Gala Pin: how can the digital divide be overcome so that no people is left behind? Toret: the digital divide is addressed on a peer-to-peer basis. Many workshops and training sessions are being organized so that everyone catches up with the state-of-the art skills and technologies.

Q: how was the offline linked with he online? Toret: there was continuous feedback between both worlds. Many documents were printed or distributed in many analogue ways, but also some creations in paper or in speech were digitized (photos, footage, etc.) and spread through social networking sites.

Gala Pin: how can we focus, how can be optimize the energies poured into the movement so that they are more efficient (how can be participation optimized)? Franco: there is an ongoing challenge on how to be able to map, link and somehow organize the zillion platforms where the conversation takes place. Castells: maybe a solution could be to get in touch with research centres that are specialized in just that, so that synergies can be built between activists and people willing to do research on activism.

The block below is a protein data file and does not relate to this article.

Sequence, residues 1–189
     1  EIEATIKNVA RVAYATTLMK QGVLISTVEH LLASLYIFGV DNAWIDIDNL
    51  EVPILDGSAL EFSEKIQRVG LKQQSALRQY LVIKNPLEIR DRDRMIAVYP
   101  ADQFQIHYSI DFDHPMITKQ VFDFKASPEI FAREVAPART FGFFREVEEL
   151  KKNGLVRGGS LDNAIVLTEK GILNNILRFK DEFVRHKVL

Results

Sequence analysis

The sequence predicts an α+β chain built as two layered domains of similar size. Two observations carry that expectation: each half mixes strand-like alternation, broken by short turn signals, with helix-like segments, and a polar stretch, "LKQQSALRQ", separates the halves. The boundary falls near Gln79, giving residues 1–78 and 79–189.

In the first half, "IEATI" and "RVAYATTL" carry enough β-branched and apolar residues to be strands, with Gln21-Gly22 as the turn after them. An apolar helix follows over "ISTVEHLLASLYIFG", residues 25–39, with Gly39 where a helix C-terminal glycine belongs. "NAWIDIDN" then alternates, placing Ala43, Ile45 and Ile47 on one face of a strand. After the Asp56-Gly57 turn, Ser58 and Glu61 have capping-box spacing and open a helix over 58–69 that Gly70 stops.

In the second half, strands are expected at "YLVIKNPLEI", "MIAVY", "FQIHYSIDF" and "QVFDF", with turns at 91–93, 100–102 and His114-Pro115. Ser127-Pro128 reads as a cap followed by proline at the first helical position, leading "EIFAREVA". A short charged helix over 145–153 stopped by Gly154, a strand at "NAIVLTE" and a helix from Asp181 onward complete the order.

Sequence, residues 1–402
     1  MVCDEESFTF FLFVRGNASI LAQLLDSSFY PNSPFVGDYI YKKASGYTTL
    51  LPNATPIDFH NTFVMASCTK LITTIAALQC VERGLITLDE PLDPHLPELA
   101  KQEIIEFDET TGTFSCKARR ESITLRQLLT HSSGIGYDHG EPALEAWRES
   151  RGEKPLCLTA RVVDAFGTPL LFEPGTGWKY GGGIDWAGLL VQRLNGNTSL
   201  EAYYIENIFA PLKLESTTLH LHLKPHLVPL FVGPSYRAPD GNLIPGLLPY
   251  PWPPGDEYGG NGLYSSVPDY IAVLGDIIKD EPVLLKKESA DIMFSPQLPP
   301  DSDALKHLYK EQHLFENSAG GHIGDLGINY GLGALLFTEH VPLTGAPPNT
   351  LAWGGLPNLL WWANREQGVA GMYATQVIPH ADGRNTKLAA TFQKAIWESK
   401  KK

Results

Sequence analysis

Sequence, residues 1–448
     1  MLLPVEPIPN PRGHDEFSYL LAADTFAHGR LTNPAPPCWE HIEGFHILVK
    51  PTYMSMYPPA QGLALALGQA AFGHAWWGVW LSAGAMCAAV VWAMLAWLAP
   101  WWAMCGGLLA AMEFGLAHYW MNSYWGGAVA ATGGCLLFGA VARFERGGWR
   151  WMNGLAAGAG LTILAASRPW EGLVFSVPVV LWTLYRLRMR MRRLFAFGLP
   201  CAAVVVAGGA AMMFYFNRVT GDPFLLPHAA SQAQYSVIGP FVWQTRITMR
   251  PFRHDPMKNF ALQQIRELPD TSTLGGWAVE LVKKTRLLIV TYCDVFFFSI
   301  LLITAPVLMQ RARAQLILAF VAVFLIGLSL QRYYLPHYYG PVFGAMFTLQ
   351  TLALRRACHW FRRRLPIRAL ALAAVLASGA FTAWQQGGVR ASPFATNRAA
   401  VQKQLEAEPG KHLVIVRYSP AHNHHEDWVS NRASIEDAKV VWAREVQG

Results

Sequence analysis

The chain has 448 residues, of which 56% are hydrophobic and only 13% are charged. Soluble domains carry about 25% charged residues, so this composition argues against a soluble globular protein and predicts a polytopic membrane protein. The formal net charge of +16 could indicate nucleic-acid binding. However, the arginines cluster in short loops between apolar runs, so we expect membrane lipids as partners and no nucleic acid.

More information

Civil Society and Politics transformation in the Internet Age (2011)

If you need to cite this article in a formal way (i.e. for bibliographical purposes) I dare suggest:

Peña-López, I. (2011) “Communication and Civil Society (II). Politics in the Internet age (II)” In ICTlogy, #97, October 2011. Barcelona: ICTlogy.
Retrieved month dd, yyyy from

Previous post: Communication and Civil Society (I). Politics in the Internet age (I)

Next post: Communication and Civil Society (III). John Perry Barlow: Net neutrality struggle and new movements in the digital era (I)

2 Comments to “Communication and Civil Society (II). Politics in the Internet age (II)” »

  1. Pingback: Mesa I. La política en la era de Internet (II) | ricardespelt / theplateishot / comunicació en xarxa

  2. Pingback: Mesa I. La política en la era de Internet (II) | Ricard Espelt

RSS feed RSS feed for comments on this post. TrackBack URI

Leave a Reply

Your comment: